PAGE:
The Belle Curve
As 'Glass Menagerie's' Amanda, Sally Field's Career Arc Takes a Classic Turn
By Chip Crews
Washington Post Staff Writer
Sunday, July 18, 2004; Page N01
Sally Field: You're Gidget. You're Sister Bertrille. Norma Rae. The cotton-pickin' mama in "Places in the Heart." That bat-crazy mama on "ER." Forrest Gump's mama with her damn box of chocolates!
Yeah, we've always, always liked you. But after all that, what more can you show us?
"Here," she says, plucking a gardenia in her front courtyard and offering it up. "A little piece of California. Part of the reason we all love living here."
The sun is smiling down on this chosen land, the temperature is right where you'd want it and nearly every tree is in full blossom. Then Sally Field opens her front door to reveal . . . well, a big mess.
In a week or so she'll be moving with her 16-year-old son, Sam, from Brentwood to a new home in the mountains above Malibu, and her foyer, dining room and living room are filled with marked boxes, stacks of pictures, all the piles and bundles that appear when years of one's life are dismantled.
"It's just, 'Change everything at once, why don't we?' " she says with a smile.
Besides the move, the twice-divorced Field's impending changes include the return of her eldest son, Peter, and his family to live in California; the marriage of her second son, Eli; and the reason for today's conversation: She's about to head off for a summer in Washington, where she'll be playing Amanda in the Kennedy Center's production of "The Glass Menagerie." (The production, the finale of the center's Tennessee Williams festival, began previews last night and opens Thursday.)
Her career having already encompassed TV series, movie stardom, producing and directing, Field has lately begun turning her most pointed attention to the stage. Not quite two years ago she replaced Mercedes Ruehl on Broadway in Edward Albee's "The Goat, or Who Is Sylvia?," winning wide acclaim.
In Amanda, the desperately pretentious St. Louis mother trying to force her idea of happiness onto her son and daughter, she's taking on a classic role in the American canon. Over the years it's been played by such noblewomen as Laurette Taylor, Shirley Booth, Katharine Hepburn and Julie Harris.
A cynic might describe Field's shift of focus as purely pragmatic: After all, the film industry has never been enamored of 57-year-old actresses, and she no longer commands leading roles on-screen. But there's another side.
"The problem now, I find, is twofold," she says. "Obviously, they don't make a lot of films that have really good roles for women, 'cause this society and [the industry] are not interested in older women." Pause. "Which is fine, I guess. So most of the things that I get are just awful, and I don't want to do them. But even, honestly . . . so much of American film that I see now, I wouldn't want to be in it anyway. I don't see anything that I go, 'Ohhhh! Boy!' . . . So I really find that my interests are -- as I knew they would be eventually anyway -- in what I haven't really done enough of in my life, which is the stage."
She's seated in her spacious family room, which remains largely sheltered from the disruptions of moving, and she looks -- hey, it must be said -- nearly as perky as ever in jeans and a tie-dyed maroon top. High built-in shelves at one end of the room hold her two Oscars (for "Norma Rae" and "Places in the Heart"), two Emmys (for "Sybil" and "ER") and various other pieces of honorific hardware, including a few basketball trophies brought home by Sam. On one wall is an August 1979 Look magazine cover, grown wry with time, that bears her picture and a caption announcing, "Sally Field Becomes a Woman."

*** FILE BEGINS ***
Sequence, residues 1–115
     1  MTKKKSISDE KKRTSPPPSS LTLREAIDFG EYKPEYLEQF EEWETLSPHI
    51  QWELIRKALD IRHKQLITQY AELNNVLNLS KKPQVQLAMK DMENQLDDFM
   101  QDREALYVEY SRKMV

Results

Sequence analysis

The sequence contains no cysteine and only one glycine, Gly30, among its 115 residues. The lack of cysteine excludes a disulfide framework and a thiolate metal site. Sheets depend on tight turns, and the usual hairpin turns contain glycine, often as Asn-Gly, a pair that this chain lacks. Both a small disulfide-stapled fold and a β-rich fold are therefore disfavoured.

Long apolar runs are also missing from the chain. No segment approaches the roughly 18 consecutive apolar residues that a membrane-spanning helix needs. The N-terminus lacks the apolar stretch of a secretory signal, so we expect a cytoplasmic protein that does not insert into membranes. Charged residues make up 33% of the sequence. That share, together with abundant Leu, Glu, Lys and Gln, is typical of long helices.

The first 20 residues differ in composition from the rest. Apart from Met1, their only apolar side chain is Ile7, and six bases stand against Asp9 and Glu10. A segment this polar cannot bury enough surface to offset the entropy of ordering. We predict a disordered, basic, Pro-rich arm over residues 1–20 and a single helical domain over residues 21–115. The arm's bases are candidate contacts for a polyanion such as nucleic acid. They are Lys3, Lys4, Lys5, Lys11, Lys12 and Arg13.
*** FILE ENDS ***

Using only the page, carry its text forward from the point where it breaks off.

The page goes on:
The Washington project, which came at the invitation of director Gregory Mosher ("She was born to play this part") is ideal for her, she says, in more ways than the obvious. "Because I have a 16-year-old still -- I mean, these years are really important for him," she says. "I can't do some of the stuff I'd like to do. I'd like to do something in New York for a long run, but I have to wait. I have two more years to wait, and this fits in perfectly, because it was in the summer and it was a short period of time. . . . For the next two years I have to find things like this to do that fit into my life."
So this is the latest incarnation: Sally Field, woman of the theater. She's been famous for two-thirds of her life -- her first series debuted in 1965, when she was 18 -- and more than many other long careers, hers can be measured in stages. First, and for a decade or so, she was a popular television cutie, frolicking at the beach in "Gidget" or donning her habit in "The Flying Nun," and either way seemingly without a brain in her head.
Then, after years of study with the Actors Studio, she won the title role in the TV movie "Sybil," playing a woman with multiple personalities and utterly transforming herself in the world's eyes. There followed her leading-lady period: She started with fun stuff like "Smokey and the Bandit," opposite then-beau Burt Reynolds, but quickly gravitated toward the higher fare of "Norma Rae," "Absence of Malice," "Places" and "Steel Magnolias." When the star parts began to dry up, she made graceful supporting turns in "Mrs. Doubtfire" and "Forrest Gump" before shifting her attention back toward television. In 2000, she made her big-screen directorial debut with "Beautiful," a tale of the hard world of beauty pageants, although that hat seemed to fit her less well, and those aspirations have been placed on hold.
Still, so many Sallys.
"I think it has to do with what people's needs and desires are for themselves," she responds. "I've never really been totally satisfied with where I was or am. And so -- I mean, I could have been a person that was satisfied with being in television early on. . . . But I wasn't satisfied with that. There was something else gnawing at me that I wanted to do and try. And it was that I wanted to move into film. And I worked really hard with Lee Strasberg at the Actors Studio. . . . And that would constantly change as I got older and what I was capable of doing or playing would constantly change within the film industry -- you know, producing, finding my own things or whatever. And then as I reach this point in my life, there are other things I want to do. I could stay put and, you know, pull back from the movie industry and say, 'I'm fine. I'll just, you know, I'll wait till that one thing comes along, whatever it is.' . . . But my interest isn't there anymore.
"So it just transitions into things I feel really challenged by, really, you know, pushed beyond my own capabilities. And that is onstage. . . . 'Your reach should exceed your grasp, or what's a Heaven for?' "
And that's the thing about the stage: "I don't own it. You know? And maybe you never do."